A lot can happen in a month, and yet in the blink of an eye it’s over. Pretentious and shallow statement, yes, but nevertheless it is true. We’re well into February and my exam is creeping ever closer. Does that mean all my time has been consumed by preparation? Thankfully, no. I have had a few other projects on the go.
Plymouth has been battered by high winds and rain brought courtesy of one Eunice. The damage to our property wasn’t major, but we did lose a couple of fence panels and I had an after-work recovery mission saving the plastic greenhouse from no man’s land (the scrub wasteland beside our house). We do seem to get hit by plenty of gusts despite being in a relatively sheltered location. One of my post-exam projects will be building another block wall to secure the back of our garden, then constructing several large compost heaps. It won’t be long before the raised beds need re-planting, too.
The office renovations are ongoing in a piecemeal fashion. I’ve stripped most of one wall which now needs plastering. My first attempt was semi-successful, although the finish leaves a lot to be desired. Once the wall is plastered and painted, the bookshelves can be fitted. My plan for the shelving is still at the drawing board phase. Part of the project will require cutting plywood sheeting down to size, and without a table saw making long straight cuts poses a challenge. I bought a secondhand DeWalt DWS520 track/plunge saw from eBay but when it arrived it was clear the description did not tally with reality. Having been described as “great condition”, I unboxed a battered saw with a broken blade-change mechanism. The owner had clearly thrown it about, and admitted to changing the blades with an impact driver. This is far from best practice, and I ended up sending it back as defective.
The next purchase I went for was a Festool TS55 EQ, the top of the range plunge saw (and the original plunge saw patent holders). Trying my hand at a repair job, I picked up a secondhand saw with some issues which apparently required new brushes. If you’re unfamiliar with motor anatomy, “brushed” motors use carbon brushes to contact with the armature and transfer current. (there’s a great video explaining the process here). These brushes become worn down over time and eventually the motor loses power and stops working. Having looked at a few repair videos, I thought I was up for the task. These things are never as simple as they seem, as I discovered with the recumbent exercise bike I bought and repaired for my neighbours during lockdown.
After replacing the brushes with the set given to me by the previous owner, the saw started but still struggled and made a grinding noises. Another couple of attempts later and one of the brushes burned out, stopping the saw completely. I scratched my head for a while, although I did notice that the size of replacement brushes was slightly different than the originals. Could the provided brushes be the wrong size? I found the part number on Festool’s part catalogue and ordered a replacement claiming to be OEM, and got to work disassembling and cleaning the saw, looking for another explanation for the fault. The air compressor is ideal for this kind of job. I blasted the internals and cleaned everything as well as I could, then held my breath while fitting the second set of brushes. And…the same problem. That was as far as I was willing to go before off-loading it and buying a functional one. It was a gamble, one that didn’t pay off on this occasion, but I did learn more about power tools and how to troubleshoot basic issues. I have a non-functional angle grinder that might benefit from new brushes.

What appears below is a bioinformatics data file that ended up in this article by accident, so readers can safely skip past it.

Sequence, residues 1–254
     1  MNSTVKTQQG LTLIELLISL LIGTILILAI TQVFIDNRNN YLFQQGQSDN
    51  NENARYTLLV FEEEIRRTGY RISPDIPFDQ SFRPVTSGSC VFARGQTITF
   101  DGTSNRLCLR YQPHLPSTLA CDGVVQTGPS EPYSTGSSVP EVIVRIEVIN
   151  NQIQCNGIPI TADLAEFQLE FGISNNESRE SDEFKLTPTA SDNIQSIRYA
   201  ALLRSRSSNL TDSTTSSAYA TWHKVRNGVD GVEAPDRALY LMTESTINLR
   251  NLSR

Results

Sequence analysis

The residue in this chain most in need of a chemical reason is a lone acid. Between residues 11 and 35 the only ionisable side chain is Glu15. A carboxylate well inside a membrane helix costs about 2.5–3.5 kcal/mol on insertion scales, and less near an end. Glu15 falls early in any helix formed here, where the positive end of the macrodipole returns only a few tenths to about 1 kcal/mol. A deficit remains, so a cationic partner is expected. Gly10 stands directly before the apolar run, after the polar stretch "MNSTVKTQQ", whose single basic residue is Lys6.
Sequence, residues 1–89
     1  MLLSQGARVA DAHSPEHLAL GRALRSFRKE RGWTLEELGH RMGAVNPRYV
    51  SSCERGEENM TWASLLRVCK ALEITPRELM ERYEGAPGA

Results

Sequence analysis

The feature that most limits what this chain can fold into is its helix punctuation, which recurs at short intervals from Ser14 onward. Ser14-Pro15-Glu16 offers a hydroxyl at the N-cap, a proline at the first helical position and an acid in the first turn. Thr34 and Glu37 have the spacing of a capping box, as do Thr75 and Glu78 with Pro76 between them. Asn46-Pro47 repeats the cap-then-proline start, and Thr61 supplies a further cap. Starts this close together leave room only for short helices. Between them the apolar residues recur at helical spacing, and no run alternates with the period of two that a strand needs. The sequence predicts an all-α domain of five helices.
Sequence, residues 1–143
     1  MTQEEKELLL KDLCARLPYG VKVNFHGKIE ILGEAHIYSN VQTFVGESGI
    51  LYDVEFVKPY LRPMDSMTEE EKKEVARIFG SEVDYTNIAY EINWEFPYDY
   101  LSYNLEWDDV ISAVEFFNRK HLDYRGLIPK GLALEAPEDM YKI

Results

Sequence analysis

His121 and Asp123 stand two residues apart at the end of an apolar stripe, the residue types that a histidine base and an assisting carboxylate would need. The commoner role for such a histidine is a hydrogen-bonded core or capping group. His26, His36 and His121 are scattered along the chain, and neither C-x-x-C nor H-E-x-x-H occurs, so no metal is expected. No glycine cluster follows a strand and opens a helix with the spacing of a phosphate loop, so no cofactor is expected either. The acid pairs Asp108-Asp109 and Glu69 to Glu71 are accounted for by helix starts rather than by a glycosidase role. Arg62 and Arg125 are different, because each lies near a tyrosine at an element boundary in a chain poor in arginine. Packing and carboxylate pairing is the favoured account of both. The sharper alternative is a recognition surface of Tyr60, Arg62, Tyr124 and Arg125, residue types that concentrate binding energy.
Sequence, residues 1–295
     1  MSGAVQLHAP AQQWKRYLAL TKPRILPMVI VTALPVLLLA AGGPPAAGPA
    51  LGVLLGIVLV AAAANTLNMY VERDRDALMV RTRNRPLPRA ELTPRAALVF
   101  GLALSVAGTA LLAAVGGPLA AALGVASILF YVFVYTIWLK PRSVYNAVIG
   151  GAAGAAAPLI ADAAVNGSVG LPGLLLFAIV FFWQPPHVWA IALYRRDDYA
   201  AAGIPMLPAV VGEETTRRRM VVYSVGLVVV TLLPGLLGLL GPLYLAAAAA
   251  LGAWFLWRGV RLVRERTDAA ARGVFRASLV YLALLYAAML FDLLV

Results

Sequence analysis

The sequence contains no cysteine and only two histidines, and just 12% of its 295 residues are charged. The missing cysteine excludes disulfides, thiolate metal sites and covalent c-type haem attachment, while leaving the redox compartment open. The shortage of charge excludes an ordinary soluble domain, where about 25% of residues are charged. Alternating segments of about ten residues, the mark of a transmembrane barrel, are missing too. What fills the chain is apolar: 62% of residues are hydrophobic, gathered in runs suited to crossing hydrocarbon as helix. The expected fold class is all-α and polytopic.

Foccacia matter with you?
Following on from my unsuccessful tool resurrection was a partial hobby resurrection – bread baking! I eased myself back in with a foccacia based on a BBC Good Food recipe which made a really nice loaf, topped with rosemary from the garden, sea salt flakes and extra virgin olive oil. I have always loved making indentations in foccacia and topping it with everything from caramelised red onions to olives and parmesan. It doesn’t have to be perfect, just dough stretched across a tray and topped with delicious things.
License to Swill? (Off the premises, of course)
We have recently discovered the Lisbon Bakery close to Plymouth Market in the city center, a tremendous Portuguese bakery and café with a massive selection of cakes and pastries. On a post-storm dessert outing, we opted for a slice of cake, a cream-filled pastry and a mini Pastéis de nata for Evie. Nata are Portuguese custard tarts which are hard to beat as an accompaniment to a cup of tea or coffee. Our next stop was Barrel & Still, a specialist wine and spirit retailer. After a pleasant chat with the owner and being bowled over by the selection of stuff in stock, we picked up a bottle of ume-shu (Japanese plum wine) and one of yuzu sake (flavoured with a type of citrus fruit popular in Japan). I have been a member of Naked Wines for a little while now, but given the selection and local knowledge available I have cancelled my membership and am planning to spend the money at Barrel & Still instead. It’s more important than ever to support local small businesses in the wake of Covid’s impact. And what better way than to buy something exquisite!
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